YouTube is 15 years old on February 14th. Happy Birthday to the platform that has been synonymous with video for what seems like a lifetime.
For Generation Z it actually is a lifetime: they are the first generation to have not known a world without social media and mobile phones. They have literally grown up with YouTube.
This is reflected in user stats. The Global Web Index reported in 2019 that YouTube leads the way in popularity amongst Generation Z for visitors and users. And 9 in 10 of Gen Zers visit the platform at least once a month.
And closer to home, here's a screen shot of a member of my family who's 14 years old:
Yes, that's over 24 hours of YouTube in one week (and that's just on the mobile).
So with YouTube being a key platform for teenagers, what are employers doing to help guide them into the world of work?
Over the years I've audited many, many employers on social media and a stand out trend for early career marketing is how underutilised YouTube is. The charts show minimal publishing volumes in comparison to Facebook, Twitter and Instagram. Often YouTube is treated as a place to store videos rather than a search engine to aid discovery, learning and entertainment. There's more that can be done without having to rely solely on high end productions, it just needs some planning and scrutinising of budgets.
What's out there? During National Apprenticeship Week I searched for apprenticeships on YouTube and here are some of the most viewed and most relevant results.
The vlogger: There are key things that the people won't know, so these vlogger style videos demystify the basics of apprenticeships without needing to spend lots on production. With this type of video it's the content and the presenter that's more important than production quality. These videos are classic YouTube vlogger and have amassed over 56,000 views. There are vloggers-in-the-making in your organisation and a whole stack of things to demystify. And they belong on YouTube.
The show, don't tell: This could easily have been a talking heads interview but there's a nice day in the life angle that drops you in the middle of life as an apprenticeship in the RAF. Over 2,000 views is a modest amount but the title and description copy is optimised mainly for people who are searching for National Apprenticeship Week. More detail about the content of the video would've made this more findable.
The roving reporter: Staying with the RAF, we have Connor who goes around talking to apprenticeships in a roving reporter style. This is a very natural way to get insights about apprenticeship life compared to what can be a higher pressured studio shoot. This video has nearly 13,000 views. Good use of title description helps here as it is the first result when searching for Royal Air Force Apprenticeships on YouTube (something you'd expect people to search for given the profile of the organisation).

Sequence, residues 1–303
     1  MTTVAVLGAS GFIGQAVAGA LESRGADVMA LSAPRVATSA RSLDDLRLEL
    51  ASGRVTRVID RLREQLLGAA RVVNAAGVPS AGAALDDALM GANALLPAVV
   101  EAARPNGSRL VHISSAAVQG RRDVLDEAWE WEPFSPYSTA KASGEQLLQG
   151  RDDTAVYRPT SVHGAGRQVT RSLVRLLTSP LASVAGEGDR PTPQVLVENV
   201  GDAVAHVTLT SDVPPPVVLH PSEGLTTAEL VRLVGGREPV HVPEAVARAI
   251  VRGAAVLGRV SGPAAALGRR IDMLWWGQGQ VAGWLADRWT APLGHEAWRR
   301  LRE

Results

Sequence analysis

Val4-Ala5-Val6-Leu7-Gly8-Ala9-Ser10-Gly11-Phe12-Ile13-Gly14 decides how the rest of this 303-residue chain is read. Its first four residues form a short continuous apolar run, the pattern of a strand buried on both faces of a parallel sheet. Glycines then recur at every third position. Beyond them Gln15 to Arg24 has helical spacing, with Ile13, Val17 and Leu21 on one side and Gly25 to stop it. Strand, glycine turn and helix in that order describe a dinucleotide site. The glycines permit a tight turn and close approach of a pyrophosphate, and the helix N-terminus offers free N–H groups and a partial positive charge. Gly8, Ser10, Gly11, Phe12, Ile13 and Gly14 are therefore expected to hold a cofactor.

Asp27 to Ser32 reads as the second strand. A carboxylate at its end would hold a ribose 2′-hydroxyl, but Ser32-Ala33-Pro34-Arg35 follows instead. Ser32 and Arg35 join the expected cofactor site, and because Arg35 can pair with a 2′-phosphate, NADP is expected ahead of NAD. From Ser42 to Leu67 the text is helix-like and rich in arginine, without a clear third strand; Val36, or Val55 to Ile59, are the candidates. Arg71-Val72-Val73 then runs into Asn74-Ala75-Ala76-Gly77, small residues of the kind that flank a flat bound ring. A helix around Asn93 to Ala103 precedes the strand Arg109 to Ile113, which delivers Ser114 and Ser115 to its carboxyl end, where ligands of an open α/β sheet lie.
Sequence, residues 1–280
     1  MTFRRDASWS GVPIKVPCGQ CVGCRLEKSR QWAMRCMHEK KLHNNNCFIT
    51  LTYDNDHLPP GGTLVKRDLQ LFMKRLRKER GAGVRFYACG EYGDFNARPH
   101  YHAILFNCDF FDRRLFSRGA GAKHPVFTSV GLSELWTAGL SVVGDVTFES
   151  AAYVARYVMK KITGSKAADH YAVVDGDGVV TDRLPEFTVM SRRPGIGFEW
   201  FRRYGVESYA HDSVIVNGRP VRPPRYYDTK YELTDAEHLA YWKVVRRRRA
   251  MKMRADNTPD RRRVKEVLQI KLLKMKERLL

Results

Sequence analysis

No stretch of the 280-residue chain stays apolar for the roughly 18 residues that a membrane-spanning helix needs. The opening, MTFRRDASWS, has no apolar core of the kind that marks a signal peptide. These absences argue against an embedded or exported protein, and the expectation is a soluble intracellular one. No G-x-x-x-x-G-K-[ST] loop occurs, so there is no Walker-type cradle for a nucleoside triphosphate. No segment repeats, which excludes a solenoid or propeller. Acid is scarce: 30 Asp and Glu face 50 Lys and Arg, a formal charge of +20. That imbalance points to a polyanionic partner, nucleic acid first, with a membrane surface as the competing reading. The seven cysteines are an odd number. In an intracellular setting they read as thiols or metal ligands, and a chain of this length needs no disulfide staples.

The story: Adam really gets into role in his apprentice story at Aldi. He re-enacts his story from feeling lost after college, finding Aldi, being tested and growing in confidence. Again, this could have easily been a talking heads video but this has some good story structure to it. It's nearly 4 years on YouTube but it still turns up in search results and has over 9,000 views.
The process: What might seem like common sense to people who have been interviewer or interviewee isn't common sense for someone who's new to the world of work. There's so much knowledge amongst early career recruitment teams that it's a shame not to share this more with the people who need it. The "Apprenticeship Interview" may feel too much like a staged training video but it does show the difference between a bad interview and a good interview. Published in 2012 it still turns up in search results and has over 413,000 views. The "Apprenticeship Interview Tips & Advice" video is far less staged and would have been very simple to set up but, again, it turns up in search results with over 40,000 views even though it was published in 2015. The sheer volume of views shows the power of this kind of helpful content.
There are plenty of videos on apprenticeships out there but many don't get the viewers to do the production time justice. There's certainly more that can be done with video and YouTube's popularity with Gen Z demands more time planning it into a content production and amplification strategy. Here are a few things worth bearing in mind:
Is your video content made with a search engine mindset? Think about what people will be searching for and how you can serve this rather than thinking about what you want to say first.
Is the topic of your video clear at first glance? Clear and concise titles and designed thumbnails (see the vlogger examples) will stand out more in a sea of videos on YouTube. It will also help your SEO on YouTube.
Does your YouTube Channel give reasons for people to subscribe? Again, vloggers are a good example of this. They have a video that tells people why they should subscribe and unashamedly ask people to like and subscribe in their videos. They will also plan out their videos with serving their subscribers at the heart of it.
Make sure you factor in a dedicated budget to promoting any video you produce. This ensures more of the right people will find it. Is a video great if nobody sees it?
Have you seen any great apprenticeship videos and YouTube channels? Do you have a YouTube strategy? I'd love you get your thoughts comments below.
This decade will surely see video become even more important and I hope to see YouTube play more of a role in employer marketing by the time YouTube turns 20 years old.
This is part of my Marketing 2020s series that looks at how we can all keep our marketing meaningful, relevant and up to date by looking at insights, new techniques and case studies. If you want to contribute to this feel free to get in touch here or on www.chrislch.com